• Note: The threshold value is pre-set to -0.65 bar. Please note that this value does not offer any guarantee concerning blank displacement on the machine table during machining. For this reason, we recommend adjusting the value to your individual requirements

Screen lock

It is now possible to protect the screen of DATRON next with a lock function against undesired operation.  To activate the lock, press the “next” symbol (top left) for 3 seconds and select the option “Block” in the subsequent dialogue.

  • Note: To unlock the screen, hold the touch screen anywhere for 2 seconds.

Graphical simulation icons in the 3D view

The icons in the 3D view have been redesigned to have a more similar look to the design in your machine.

Surface profile/Z measuring field - Exclude measuring points

Individual measuring points can be excluded from measurement in the Z measuring field of a surface profile, If you do not want to measure at some point (for example above a hole), you can deselect the measuring point by tapping it. The deselected measuring point will then be displayed in red.

  • Note: The outer contour must always be measured completely. No points can be deselected there.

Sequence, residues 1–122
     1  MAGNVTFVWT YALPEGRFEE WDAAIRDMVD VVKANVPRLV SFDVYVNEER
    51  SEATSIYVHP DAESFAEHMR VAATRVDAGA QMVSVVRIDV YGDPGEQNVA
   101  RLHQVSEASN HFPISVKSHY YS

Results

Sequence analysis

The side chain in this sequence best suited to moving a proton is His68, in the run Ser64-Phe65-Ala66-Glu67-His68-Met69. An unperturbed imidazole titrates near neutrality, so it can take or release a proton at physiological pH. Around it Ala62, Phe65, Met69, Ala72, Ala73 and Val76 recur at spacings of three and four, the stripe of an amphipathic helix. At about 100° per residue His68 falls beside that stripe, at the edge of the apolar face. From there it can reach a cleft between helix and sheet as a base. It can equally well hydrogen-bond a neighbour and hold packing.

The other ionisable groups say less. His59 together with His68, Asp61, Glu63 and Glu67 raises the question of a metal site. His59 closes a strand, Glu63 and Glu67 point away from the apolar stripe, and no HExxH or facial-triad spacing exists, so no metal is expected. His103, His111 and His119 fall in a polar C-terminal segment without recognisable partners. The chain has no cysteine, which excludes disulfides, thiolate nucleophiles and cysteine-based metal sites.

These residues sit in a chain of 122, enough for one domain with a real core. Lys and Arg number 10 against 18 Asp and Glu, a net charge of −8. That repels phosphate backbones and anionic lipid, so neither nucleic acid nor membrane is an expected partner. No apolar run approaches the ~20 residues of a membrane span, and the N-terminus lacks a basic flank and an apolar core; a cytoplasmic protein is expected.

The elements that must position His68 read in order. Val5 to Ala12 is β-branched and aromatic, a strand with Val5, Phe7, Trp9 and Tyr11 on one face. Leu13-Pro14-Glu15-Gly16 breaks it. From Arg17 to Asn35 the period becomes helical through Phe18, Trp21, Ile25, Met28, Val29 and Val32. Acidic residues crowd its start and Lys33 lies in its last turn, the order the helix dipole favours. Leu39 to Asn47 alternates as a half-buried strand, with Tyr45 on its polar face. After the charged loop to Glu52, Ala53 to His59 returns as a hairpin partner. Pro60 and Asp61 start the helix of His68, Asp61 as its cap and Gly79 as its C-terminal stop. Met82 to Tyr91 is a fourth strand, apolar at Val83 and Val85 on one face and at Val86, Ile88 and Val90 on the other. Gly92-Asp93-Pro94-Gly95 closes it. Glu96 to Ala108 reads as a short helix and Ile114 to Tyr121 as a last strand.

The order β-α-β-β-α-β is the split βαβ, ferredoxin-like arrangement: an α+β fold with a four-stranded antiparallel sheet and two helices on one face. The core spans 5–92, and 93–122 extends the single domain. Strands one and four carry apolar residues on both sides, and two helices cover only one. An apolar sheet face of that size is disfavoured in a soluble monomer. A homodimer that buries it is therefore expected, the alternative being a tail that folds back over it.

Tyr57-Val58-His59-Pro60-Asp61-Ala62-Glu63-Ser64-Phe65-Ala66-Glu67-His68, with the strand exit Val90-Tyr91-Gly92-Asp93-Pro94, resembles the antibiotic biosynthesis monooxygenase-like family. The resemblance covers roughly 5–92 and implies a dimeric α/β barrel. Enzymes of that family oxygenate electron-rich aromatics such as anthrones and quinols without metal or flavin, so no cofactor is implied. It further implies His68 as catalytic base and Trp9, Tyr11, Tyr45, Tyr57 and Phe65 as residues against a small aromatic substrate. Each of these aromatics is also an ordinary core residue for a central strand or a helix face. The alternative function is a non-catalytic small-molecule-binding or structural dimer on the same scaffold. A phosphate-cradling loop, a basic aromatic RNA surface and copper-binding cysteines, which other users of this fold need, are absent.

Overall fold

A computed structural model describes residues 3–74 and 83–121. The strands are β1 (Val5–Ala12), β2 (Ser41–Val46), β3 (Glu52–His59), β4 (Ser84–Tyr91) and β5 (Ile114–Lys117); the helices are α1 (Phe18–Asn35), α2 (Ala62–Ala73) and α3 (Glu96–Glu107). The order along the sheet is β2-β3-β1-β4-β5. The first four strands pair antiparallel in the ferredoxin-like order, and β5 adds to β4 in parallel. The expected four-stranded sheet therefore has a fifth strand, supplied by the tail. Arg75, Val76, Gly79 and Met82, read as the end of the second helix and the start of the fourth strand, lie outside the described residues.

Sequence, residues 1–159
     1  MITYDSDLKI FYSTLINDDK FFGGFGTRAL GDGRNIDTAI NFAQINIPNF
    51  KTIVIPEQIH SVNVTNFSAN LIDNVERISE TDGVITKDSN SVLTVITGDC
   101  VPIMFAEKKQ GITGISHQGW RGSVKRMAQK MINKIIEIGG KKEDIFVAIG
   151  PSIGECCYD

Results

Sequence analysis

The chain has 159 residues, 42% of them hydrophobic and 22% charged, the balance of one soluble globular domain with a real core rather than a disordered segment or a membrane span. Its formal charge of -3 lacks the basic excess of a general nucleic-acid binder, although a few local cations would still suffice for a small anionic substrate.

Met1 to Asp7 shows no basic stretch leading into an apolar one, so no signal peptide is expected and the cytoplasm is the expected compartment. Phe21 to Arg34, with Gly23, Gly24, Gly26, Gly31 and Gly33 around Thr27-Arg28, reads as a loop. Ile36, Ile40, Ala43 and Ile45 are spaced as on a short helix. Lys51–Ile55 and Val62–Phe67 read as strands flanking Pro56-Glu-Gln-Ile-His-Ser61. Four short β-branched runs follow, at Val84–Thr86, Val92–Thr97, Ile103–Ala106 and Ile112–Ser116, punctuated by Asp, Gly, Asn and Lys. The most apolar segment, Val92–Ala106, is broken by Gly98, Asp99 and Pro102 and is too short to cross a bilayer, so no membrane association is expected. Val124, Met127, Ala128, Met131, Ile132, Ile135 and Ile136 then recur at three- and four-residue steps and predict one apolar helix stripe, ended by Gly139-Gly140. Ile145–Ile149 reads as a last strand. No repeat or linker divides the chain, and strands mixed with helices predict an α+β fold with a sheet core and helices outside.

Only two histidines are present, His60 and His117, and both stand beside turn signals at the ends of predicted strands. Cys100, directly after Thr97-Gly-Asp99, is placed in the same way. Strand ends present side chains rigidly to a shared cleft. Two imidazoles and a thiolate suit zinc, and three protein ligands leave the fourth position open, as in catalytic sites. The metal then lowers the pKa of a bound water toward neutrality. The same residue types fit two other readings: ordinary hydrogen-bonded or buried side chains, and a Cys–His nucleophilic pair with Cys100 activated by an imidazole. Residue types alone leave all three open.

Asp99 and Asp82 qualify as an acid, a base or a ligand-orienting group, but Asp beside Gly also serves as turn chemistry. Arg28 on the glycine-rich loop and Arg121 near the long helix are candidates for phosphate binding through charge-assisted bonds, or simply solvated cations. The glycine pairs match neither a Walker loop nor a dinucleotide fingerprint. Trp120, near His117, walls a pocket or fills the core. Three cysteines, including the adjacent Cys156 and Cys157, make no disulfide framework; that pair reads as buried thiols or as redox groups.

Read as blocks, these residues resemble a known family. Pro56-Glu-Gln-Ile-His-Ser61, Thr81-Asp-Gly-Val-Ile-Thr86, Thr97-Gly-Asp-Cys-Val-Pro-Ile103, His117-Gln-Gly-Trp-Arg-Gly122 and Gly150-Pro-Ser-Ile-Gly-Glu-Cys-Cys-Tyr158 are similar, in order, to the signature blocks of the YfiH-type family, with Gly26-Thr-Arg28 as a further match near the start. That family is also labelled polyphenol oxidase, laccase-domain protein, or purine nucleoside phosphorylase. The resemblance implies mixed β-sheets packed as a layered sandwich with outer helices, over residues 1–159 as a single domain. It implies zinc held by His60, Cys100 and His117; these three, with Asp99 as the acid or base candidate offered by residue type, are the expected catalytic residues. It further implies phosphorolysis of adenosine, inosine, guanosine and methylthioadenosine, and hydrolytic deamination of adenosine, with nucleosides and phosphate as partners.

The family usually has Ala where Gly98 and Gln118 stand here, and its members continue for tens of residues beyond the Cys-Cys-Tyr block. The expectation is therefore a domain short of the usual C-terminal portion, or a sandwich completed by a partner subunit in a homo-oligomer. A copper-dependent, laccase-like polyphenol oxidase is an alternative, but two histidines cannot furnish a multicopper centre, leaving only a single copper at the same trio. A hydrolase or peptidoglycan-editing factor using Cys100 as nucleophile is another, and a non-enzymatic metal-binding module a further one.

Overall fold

Surface profile/Z measuring field - Better representation of the extrapolation range

The extrapolation range of the Z measuring field is now displayed more transparently in order to better recognise the underlying workpiece contour.

New SimPL command “Sleep”

As of now, you can use the “Sleep” command in a SimPL programme. The command can be added directly to the programme via text input or via the corresponding input dialogue.

The command is used to pause the execution of a programme for a desired period of time. As soon as the code line with the “Sleep” command is reached, the programme execution pauses for the specified duration.

CommandDescription
Sleep minutes=1
seconds=1
milliseconds=100
Parameter “minutes” (optional):
Number of minutes to pause the
execution of the programme.
Parameter “seconds” (optional):
Number of seconds to pause the
execution of the programme.
Parameter “milliseconds”
(optional):
Number of milliseconds to pause